Encouraging Submission of Studies Seeing Stem Cell Biology in the Light of Physical Energies and Nanoscale Approaches: Towards a Regenerative Medicine without the Needs for Stem Cell Transplantation

Carlo Ventura*

Stem Wave Institute for Tissue Healing (SWITH), Ettore Sansavini Health Science Foundation, Lugo, Italy

Compelling evidence demonstrate that our cells are able to generate electromagnetic signals [1-5] and mechanical oscillations [6-9], affording essential modulation of cell polarity.

At the level of somatic cells and tissue resident stem cells cell polarity results from, and acts on the modulation of cellular ion fluxes, electric fields, and microtubular dynamics of the cytoskeleton and nucleoskeleton. Cell polarity is crucial in the physiological modulation of stem cell differentiation and aging, as shown by the fact that altered cell polarization invariantly associates with disease, pathological aging and cancer [10-13]. To this end, the cytoskeletal and nucleoskeletal microtubular network form a major dynamic environment to establish and preserve cell polarity.

Using artificial cell-like environment that works as a cavity (a replica of a living cell), within an ad hoc designed setting capable of pumping electromagnetic frequencies to a growing microtubule, in conjunction with scanning tunneling microscopy (STM), it has been possible to detect how different frequencies change the local density of states in the tubulin protein structure [3]. Similarly, STM analyses have shown that single microtubule tunneling “current images” are produced when different resonance frequencies are pumped simultaneously [3]. The frequency region selectivity for engaging particular kinds of conformational changes establishes that pure mechanical changes can be remotely controlled in an atomically precise fashion by using electromagnetic fields remotely.

Compounding the relevance of the microtubular network as an information-transporting- system is the evidence for high-frequency electric field and radiation characteristics from microtubuli [4] and even the detection of multi-level memory-switching properties in a single brain microtubule [5].

DNA itself, considered as an electrically charged vibrational entity, despite its role of storage and expression of genetic information, may conceivably contribute to cell polarity, also by virtue of its continuous assembly in multifaceted loops and domains that are essential features of the nano-mechanics and nano-topography imparted to this macromolecule by the timely intervention of transcription factors and molecular motors. Accordingly, electromagnetic resonance frequency spectra have been detected for DNA, which was found to exhibit electromagnetic resonances in the wide frequency range from THz, GHz, MHz and KHz [14].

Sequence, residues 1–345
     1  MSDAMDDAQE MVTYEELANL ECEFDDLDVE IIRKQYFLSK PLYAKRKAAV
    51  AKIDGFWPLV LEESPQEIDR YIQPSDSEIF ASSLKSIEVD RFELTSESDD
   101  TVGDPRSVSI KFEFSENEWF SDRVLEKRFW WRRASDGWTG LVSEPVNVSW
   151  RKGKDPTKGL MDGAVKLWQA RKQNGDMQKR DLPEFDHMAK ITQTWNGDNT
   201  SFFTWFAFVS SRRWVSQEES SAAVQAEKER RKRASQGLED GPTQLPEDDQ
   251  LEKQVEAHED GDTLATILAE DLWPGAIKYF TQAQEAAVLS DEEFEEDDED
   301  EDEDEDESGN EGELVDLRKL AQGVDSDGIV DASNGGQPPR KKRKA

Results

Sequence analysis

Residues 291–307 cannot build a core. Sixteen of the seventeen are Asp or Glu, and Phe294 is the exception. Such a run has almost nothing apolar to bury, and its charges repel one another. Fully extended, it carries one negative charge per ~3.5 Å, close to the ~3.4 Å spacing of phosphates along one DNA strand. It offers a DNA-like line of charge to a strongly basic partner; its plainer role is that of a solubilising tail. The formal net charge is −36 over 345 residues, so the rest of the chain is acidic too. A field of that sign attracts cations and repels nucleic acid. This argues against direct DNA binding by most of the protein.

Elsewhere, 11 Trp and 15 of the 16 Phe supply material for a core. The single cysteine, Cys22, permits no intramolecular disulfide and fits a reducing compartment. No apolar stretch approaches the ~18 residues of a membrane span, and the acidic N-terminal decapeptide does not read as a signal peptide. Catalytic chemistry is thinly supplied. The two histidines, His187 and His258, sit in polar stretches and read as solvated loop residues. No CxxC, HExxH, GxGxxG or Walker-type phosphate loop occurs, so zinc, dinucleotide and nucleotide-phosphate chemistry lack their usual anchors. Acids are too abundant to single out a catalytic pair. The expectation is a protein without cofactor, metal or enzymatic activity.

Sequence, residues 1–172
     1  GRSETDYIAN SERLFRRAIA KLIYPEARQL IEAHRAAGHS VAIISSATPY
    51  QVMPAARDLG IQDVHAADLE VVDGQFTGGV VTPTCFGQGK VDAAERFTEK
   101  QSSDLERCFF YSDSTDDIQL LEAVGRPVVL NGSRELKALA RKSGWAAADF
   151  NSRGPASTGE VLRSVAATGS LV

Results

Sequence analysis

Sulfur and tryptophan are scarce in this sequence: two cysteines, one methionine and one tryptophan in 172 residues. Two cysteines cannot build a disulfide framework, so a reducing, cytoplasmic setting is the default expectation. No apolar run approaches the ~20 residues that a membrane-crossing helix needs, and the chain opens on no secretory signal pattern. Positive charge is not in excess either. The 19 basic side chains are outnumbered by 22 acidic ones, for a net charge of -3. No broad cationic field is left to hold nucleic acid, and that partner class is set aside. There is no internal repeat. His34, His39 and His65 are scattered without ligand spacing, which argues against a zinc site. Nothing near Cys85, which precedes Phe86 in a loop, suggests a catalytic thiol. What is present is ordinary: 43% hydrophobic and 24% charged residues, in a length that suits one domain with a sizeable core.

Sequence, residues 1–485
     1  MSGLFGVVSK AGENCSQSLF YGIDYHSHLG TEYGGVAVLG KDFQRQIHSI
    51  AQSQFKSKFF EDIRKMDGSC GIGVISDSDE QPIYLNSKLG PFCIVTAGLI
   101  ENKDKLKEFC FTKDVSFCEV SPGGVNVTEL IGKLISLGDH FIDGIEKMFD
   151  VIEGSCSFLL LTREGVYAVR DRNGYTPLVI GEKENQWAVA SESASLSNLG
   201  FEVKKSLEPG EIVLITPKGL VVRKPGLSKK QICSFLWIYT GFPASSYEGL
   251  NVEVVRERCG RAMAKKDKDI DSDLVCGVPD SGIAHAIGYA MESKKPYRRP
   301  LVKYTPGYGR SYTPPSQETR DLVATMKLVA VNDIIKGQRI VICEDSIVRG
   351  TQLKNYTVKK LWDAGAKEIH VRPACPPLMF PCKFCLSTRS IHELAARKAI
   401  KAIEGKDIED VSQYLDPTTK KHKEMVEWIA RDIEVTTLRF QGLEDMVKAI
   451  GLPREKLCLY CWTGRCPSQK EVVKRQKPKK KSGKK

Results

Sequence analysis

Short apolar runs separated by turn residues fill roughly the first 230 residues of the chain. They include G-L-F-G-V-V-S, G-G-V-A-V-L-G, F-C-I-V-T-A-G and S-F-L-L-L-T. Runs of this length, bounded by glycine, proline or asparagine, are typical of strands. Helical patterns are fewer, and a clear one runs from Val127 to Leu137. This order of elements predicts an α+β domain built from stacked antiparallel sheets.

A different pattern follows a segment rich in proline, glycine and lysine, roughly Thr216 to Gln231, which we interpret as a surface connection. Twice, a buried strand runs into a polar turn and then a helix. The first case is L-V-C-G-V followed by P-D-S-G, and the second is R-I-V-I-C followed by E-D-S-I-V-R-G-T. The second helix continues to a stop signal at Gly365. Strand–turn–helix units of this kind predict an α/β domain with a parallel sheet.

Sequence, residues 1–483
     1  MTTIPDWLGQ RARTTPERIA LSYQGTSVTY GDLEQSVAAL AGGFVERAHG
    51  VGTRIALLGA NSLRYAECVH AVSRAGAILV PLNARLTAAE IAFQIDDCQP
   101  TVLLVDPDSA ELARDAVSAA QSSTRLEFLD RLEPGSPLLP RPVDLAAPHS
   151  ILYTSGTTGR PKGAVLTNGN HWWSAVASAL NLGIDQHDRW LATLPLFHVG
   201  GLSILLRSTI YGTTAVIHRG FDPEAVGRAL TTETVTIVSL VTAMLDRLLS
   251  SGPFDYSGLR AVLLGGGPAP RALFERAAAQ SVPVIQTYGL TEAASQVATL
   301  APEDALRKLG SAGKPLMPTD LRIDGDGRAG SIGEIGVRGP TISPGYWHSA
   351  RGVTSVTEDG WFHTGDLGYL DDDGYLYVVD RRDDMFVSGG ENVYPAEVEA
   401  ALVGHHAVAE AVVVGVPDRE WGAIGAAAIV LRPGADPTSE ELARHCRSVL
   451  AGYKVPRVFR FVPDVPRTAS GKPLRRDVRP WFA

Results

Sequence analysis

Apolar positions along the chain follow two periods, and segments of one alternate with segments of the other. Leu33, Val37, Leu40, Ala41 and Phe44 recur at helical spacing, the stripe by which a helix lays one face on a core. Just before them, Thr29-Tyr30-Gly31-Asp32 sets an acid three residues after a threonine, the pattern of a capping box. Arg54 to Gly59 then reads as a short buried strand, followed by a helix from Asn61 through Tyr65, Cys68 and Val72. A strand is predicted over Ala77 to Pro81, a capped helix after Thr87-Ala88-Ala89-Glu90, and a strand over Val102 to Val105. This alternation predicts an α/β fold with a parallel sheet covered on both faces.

Within this context, we have provided evidence that properly conveyed radioelectric fields are able to: (i) modulate the gene transcription of essential growth regulatory peptides in adult myocardial cells [15], (ii) enhance the differentiating potential of mouse embryonic stem cells [16, 17], (iii) induce pluripotency in human adult stem cells, promoting their differentiation into cardiac, neural, skeletal muscle and endothelial cells [18], (iv) afford direct reprogramming towards the same lineages in human somatic cells (dermal fibroblasts) [19], (v) reverse human stem cell aging in vitro [20], (vi) reprogram PC12 cancer cells into dopaminergic neurons [21], and (vii) optimize stem cell polarity [22].

Due to the diffusive nature of electromagnetic fields and mechanical vibrations, the chance is emerging to target and reprogram the stem cells where they are, in all tissues of the body. This strategy will promote our natural ability for selfhealing, affording a regenerative medicine without the needs for stem cell transplantation.

Consonant with this approach, we would like to encourage the submission of novel original research articles, reviews and commentaries seeing stem cell biology in the light of physical energies, using electromagnetic fields, mechanical vibrations and light to maximize the multilineage potential of stem cells, affording their efficient reprogramming with enhanced regenerative capabilities and secretion of trophic mediators for tissue repair. Accordingly, the submission of studies investigating stem cell dynamics within the context of nanoscale technologies and nanotopography assessment are also highly encouraged.

On the whole, we would like to emphasize the needs for studies that may pave the way to a Regenerative Medicine based upon the unfolding of our intrinsic, endogenous regenerative potential.


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*Correspondence to:

Carlo Ventura, MD, PhD
Stem Wave Institute for Tissue Healing (SWITH)
Ettore Sansavini Health Science Foundation
via Provinciale per Cotignola 9
48022 Lugo (RA), Italy
Tel: + 39 0545 904601
Fax: + 39 0545 217327
E-mail: ventura.vid@gmail.com

Received: July 29, 2016
Accepted: August 10, 2016
Published: August 11, 2016

Citation: Ventura C. 2016. Encouraging Submission of Studies Seeing Stem Cell Biology in the Light of Physical Energies and Nanoscale Approaches: Towards a Regenerative Medicine without the Needs for Stem Cell Transplantation. NanoWorld J 2(2): 20-21.

Copyright: © 2016 Ventura. This is an Open Access article distributed under the terms of the Creative Commons Attribution 4.0 International License (CC-BY) (http://creativecommons.org/licenses/by/4.0/) which permits commercial use, including reproduction, adaptation, and distribution of the article provided the original author and source are credited.

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